Lugar fumbled his opening statement, and he clearly appeared uncomfortable in a one-on-one debate with Mourdock, but he found his stride when the debate turned to foreign policy.  Lugar made a few errors that were immediately pointed out by people on Twitter when it came to drawing attention to how long he had been in the Senate.  With that said, other than the bad start, he appeared to be himself.  Solid and in command of the issues he's worked on over the last 35 years in the Senate.

Indiana Treasurer
Richard Mourdock
Mourdock was also connected.  He appeared to be the most aggressive of the two candidates.  Raising his voice to get points across at times, Mourdock showed a good knowledge of mostly Tea Party policy positions.  Mourdock was honest when he didn't know the answers, and he deferred to the Senator on foreign policy by simply acknowledging that Lugar is more experienced in that realm.  Towards the end of the debate, Mourdock tried to make a comparison between the Titanic Disaster and the state of the United States today in his closing remarks.  It was a poor finish, and it failed to make the case as to why Hoosiers should elect him.

So, with Lugar fumbling the opening kickoff and Mourdock going cheesy on his closer, I think this debate was pretty even.  Lugar scored big points on foreign policy, and Mourdock seemed to have the conservative pulse on domestic issues.  Thus, I call this one a draw.

I don't think this debate likely helped Mourdock or hurt Lugar.  We should be back where we started before 7:00 p.m. last night.  This one is going to be a close race, and it will come down to turnout.

Wednesday, April 11, 2012

Rep. Allen West Calls Andre Carson, Progressives Communist

A Florida Representative who is known for his wild rhetoric is at it again, and he's getting personal with Indiana's 7th District.
U.S Rep. Allen West, R-FL

In a town hall meeting, West said there were about 75 members of the Democratic Caucus in the U.S. House that were Communists.  Later, a spokesman said that West was talking about the Congressional Progressive Caucus.  That's a group that includes 7th District Congressman Andre Carson.  The Congressional Progressive Caucus also includes Civil Rights Icon John Lewis, who marched with Dr. Martin Luther King, Jr.

West can say what he wishes.  It's his right.  To call fellow members of his legislative body Communist without any shred of evidence is dangerous and unwise.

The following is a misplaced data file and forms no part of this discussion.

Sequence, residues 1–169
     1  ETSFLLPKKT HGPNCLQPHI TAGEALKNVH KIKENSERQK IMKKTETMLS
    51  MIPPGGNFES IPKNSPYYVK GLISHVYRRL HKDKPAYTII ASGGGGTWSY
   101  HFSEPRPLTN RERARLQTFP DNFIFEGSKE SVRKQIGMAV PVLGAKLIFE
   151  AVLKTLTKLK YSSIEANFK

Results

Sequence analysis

Barney Frank, also a member of the caucus, said that "Not even Joe McCarthy would have said anything that stupid."

West also said President Obama is afraid to have a one-on-one discussion with West and his constituents because he was "too afraid."

Yeah, right.  It's amazing how West will throw this garbage out of his mouth when he accused Rep. Debbie Wasserman-Schultz of insulting him during a House Debate over Medicare last year.  He challenged the Congresswoman to a personal fight.

I think that qualifies him as a complete tool.

Gregg Seizes Moment on Daniels Administration's Mess-up

Former Indiana House Speaker
John Gregg
John Gregg is going to be a great Governor of Indiana.  Let's just put that out there.  When he's Governor, there won't be a dull moment, and I think you just got a taste of that in a News Conference he called outside the Statehouse on Friday.

For the second time in four months, the State of Indiana had misplaced some money only to have if found in an audit.  This time, it was over $200 million of local option income tax money.  That's the kind of money that can, let's say, save police officer and firefighter jobs.  It's not news that sat well in Marion County where city and county workers have been furloughed and we can't afford toilet paper for police stations.

Gregg, in a way only he could, stood in front of the Statehouse and offered Mitch Daniels and his administration some help from a group of accounting books:  Accounting Workbook for Dummies, Elements of Accounting, and other textbooks.  Gregg said he'd deliver the books to anyone in the Statehouse that wanted them, according to the Indianapolis Star.  Mike Pence, caught flatfooted, also found himself being called out by Gregg.  On the evening news, one station said that a Pence spokesman said the Congressman was, "not available for comment."

Pence finally released a statement later Friday that essentially called for government transparency.  There's a saying in Indiana that involves someone named Sherlock.